Everything Old Is New Again

by | Mar 18, 2019

A friend recently sent me this video of the very talented Pat MacNamara and mentioned how the “proprioceptive” drills Pat Mac is doing here looked familiar.  I don’t take credit for his excellent drills, and I have done similar exercises when I was a firearms instructor back in the days of Barney and Fred in THE FLINTSTONES.

I remember the pushback from some students (and most instructors) back in the day who wanted to know “What’s the benefit to my shooting to balance on one foot?  How does that pertain to a gunfight?”

Okay, legit questions then, legit question now.

As PM says here in a much more entertaining fashion, the purpose of his drill, and similar drills, is to develop and to exercise the ability to shoot decisively, i.e. quickly and accurately, while moving.  His point is that flat range training, especially amongst those who don’t have access to private ranges where you can easily run drills like this, doesn’t promote the use of the pistol while moving — and that every fight, gunfight or fist fight, involves movement.

In the older video below, Super Dave Harrington demonstrates a moving while shooting exercise that many Error-Net types ridiculed — because they didn’t understand what they were seeing, and not just because they couldn’t spell proprioceptive to save their lives, guns or not.  SD is also demonstrating utilizing the pistol shooting skillset while moving.  SD, I believe, first came up with the analogy that a pistol gunfighter has to be like a football quarterback:  you have to access your weapon, get out, align it with a target that is also moving, and snap the shot at the exact second necessary for it to hit what you aim with.  All the time while ducking and bobbing and weaving to avoid getting clobbered by big sweaty dudes who crush humans for a living.

I like that analogy.

It’s like the difference between punching air, to punching a heavy bag, to punching a human who’s moving and punching you back.

So what these drills do is isolate the elements of knowing where you are in three-dimensional space (like a street) and how you are moving (direction, speed, stability), as well as training your TRANSITIONAL movements neurologically and physiologically (in your muscles, etc).

You may not be able to bust moves like PM on your indoor range, but I’m going to give you some exercises below that you CAN do on an indoor regulated range as a Joe Citizen.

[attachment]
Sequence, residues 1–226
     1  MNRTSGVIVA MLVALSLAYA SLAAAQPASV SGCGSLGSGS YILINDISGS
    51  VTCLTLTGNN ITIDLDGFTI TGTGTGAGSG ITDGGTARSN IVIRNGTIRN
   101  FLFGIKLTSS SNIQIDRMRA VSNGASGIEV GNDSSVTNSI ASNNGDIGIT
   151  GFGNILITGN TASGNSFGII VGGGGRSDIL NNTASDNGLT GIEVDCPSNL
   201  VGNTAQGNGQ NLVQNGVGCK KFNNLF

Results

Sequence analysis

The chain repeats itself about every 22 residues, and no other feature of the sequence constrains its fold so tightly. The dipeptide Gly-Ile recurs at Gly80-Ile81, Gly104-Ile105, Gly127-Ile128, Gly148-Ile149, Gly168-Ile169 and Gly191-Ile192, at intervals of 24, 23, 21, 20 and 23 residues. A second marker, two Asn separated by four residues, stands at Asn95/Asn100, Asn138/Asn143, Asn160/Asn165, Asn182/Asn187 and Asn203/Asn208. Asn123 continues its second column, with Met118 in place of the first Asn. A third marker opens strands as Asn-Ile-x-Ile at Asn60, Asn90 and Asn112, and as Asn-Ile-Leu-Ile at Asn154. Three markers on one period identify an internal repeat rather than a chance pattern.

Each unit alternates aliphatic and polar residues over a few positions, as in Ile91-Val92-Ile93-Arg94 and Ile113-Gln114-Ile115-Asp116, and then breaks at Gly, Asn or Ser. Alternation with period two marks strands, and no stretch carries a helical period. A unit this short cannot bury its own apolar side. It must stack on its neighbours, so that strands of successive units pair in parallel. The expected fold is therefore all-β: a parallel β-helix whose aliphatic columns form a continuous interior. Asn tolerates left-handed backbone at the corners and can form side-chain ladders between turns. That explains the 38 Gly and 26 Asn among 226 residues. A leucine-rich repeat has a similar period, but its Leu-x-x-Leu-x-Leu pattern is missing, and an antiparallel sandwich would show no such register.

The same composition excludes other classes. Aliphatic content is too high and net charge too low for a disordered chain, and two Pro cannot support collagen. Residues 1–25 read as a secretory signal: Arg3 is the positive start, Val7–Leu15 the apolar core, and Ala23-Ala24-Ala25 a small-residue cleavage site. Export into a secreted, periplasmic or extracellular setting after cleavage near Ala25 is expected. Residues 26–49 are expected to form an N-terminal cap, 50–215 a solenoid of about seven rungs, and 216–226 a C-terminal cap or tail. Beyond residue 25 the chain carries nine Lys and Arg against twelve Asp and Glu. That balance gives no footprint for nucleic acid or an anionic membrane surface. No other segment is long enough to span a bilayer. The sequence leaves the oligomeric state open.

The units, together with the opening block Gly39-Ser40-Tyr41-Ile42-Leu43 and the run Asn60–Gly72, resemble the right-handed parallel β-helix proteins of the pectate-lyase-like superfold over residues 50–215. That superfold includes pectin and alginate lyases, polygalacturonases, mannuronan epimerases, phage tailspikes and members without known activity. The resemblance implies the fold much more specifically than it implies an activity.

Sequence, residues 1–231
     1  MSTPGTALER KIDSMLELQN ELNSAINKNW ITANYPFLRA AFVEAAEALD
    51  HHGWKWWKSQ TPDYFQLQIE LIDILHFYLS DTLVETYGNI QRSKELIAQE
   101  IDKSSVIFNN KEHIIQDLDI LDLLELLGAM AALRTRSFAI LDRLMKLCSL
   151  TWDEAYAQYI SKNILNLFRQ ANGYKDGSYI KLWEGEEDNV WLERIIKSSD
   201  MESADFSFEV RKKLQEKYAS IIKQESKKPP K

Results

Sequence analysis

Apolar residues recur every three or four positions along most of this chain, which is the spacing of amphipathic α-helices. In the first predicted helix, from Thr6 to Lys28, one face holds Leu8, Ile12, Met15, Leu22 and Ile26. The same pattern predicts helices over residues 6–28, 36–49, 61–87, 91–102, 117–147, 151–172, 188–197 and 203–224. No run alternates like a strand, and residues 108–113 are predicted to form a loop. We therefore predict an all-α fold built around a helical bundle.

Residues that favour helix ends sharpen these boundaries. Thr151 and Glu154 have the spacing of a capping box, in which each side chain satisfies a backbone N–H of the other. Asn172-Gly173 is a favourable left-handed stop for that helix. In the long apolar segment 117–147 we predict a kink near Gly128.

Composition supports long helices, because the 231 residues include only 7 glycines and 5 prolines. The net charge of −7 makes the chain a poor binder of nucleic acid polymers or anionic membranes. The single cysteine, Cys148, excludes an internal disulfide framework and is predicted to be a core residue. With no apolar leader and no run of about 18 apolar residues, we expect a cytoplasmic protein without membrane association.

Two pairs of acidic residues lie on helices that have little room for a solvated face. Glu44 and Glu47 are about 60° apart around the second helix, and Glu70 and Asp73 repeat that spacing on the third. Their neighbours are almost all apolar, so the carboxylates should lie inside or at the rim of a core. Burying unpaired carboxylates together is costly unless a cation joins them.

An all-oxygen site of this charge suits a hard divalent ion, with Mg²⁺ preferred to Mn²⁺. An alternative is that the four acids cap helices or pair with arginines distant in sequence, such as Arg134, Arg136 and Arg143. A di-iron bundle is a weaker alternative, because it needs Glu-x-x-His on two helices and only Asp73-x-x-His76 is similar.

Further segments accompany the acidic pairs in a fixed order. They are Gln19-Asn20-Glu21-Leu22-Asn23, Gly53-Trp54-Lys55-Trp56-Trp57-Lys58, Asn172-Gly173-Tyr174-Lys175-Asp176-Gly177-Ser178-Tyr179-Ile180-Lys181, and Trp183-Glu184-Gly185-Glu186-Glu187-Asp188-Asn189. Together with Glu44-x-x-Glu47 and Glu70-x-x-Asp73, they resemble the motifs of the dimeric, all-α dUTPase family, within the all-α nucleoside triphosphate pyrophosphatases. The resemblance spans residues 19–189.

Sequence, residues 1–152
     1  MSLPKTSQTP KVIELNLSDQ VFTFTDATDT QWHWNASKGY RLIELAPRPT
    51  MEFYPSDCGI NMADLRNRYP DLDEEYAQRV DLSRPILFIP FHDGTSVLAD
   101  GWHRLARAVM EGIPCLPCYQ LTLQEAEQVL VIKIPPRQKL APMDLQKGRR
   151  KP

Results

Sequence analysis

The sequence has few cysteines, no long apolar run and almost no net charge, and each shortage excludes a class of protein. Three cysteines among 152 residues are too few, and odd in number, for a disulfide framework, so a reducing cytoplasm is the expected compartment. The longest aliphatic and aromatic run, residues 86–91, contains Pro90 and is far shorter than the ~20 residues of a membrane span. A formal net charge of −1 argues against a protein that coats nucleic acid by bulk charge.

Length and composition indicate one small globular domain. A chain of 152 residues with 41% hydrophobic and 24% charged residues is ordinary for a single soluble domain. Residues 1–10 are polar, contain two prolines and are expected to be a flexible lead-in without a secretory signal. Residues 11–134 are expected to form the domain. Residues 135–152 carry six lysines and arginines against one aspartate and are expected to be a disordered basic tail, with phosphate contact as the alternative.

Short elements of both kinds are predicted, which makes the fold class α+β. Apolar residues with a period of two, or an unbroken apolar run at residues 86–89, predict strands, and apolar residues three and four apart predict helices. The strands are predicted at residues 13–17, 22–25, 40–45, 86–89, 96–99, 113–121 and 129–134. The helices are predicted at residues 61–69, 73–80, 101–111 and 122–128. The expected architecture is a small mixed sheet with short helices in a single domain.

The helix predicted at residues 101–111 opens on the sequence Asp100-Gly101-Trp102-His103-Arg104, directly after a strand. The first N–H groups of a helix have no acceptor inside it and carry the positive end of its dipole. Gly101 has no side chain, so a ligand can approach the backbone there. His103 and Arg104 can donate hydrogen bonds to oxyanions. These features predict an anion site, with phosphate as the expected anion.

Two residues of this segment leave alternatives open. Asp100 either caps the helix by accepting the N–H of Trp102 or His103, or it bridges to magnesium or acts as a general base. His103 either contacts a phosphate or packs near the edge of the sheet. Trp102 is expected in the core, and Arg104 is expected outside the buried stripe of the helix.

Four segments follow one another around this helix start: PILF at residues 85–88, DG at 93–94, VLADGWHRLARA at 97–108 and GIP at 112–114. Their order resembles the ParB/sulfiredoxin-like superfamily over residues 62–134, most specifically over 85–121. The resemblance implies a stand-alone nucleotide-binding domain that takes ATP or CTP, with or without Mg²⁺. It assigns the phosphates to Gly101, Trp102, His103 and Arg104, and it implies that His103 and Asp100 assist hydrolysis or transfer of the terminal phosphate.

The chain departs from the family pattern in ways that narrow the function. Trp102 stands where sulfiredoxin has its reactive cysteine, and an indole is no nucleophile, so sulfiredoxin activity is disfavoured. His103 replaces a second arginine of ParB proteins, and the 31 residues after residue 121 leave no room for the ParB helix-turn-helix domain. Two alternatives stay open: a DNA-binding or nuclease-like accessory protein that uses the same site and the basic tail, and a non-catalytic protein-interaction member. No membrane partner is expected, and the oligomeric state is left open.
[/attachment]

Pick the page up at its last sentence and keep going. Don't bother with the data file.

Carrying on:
But first watch two Grand Masters of the Fighting Pistol below.

Okay.  Now that you’ve seen that, here’s some ideas for drills you can do to exercise your proprioception and general kinesthetics to enhance your ability to move and fight with a pistol.  The intention here is to give you simple exercises you can do on an indoor regulated range where you may not be able to draw from the holster, and are limited to  movement within the box defined by your indoor range shooting stall.  Ideally you’d train this, and then go somewhere you could move and shoot to graph your improvement from baseline — if you can’t live fire, Blue Gun or Air Soft it and see how it works.

Start with your weapon loaded and laid on the shooting booth shelf.

From your hands in a ready position, or by your side, and standing center in the square defined by the walls of your booth

  • Step to your far right, shoulder to the booth wall, pick up your pistol, and fire one shot at a 3×5 card at 5 or 7 yds.
  • After that shot, take a long step to your left, shoulder to the booth wall, and fire one shot at the card.
  • Scan over your shoulders behind you and step back one step (remaining within the defined box of the shooter’s booth) on the left, fire one shot
  • Scan around you and step to your right to the far right of the booth and fire one shot.
  • Four shots, simple movement right, left, back and sideways, incorporating a real awareness scan,


  • Same sequence but start with your weight on your right foot when you step right, stay on one foot if you can, or use your tiptoe like PM does on your left to balance you — take your time and place your shot
  • Step to the left, weight on the left, tiptoe right to balance — place your shot
  • Scan behind and around you, step back with your left, weight on your left, place your shot
  • Scan behind and around you, step to the right, weight on your right, use your tiptoe left to balance, place your shot.
  • Four shots, exercising proprioception, balance, and maintaining your “wobble zone” in your sight picture, movement, scanning.


  • Same sequence as above, but with strong hand only.


  • Same sequence as above, with other strong hand only


It’s harder — and more useful — than it seems, Pilgrims.

Take care, enjoy.

The One Eyed Fat Man

I’m consolidating much of my writing into a new, in-progress, website.  To keep current on my fiction, non-fiction, tactical writing, cognitive neuroscience, and strange adventures please go to www.marcuswynne.com and sign up at the bottom of the page for my newly revamped e-mail newsletter.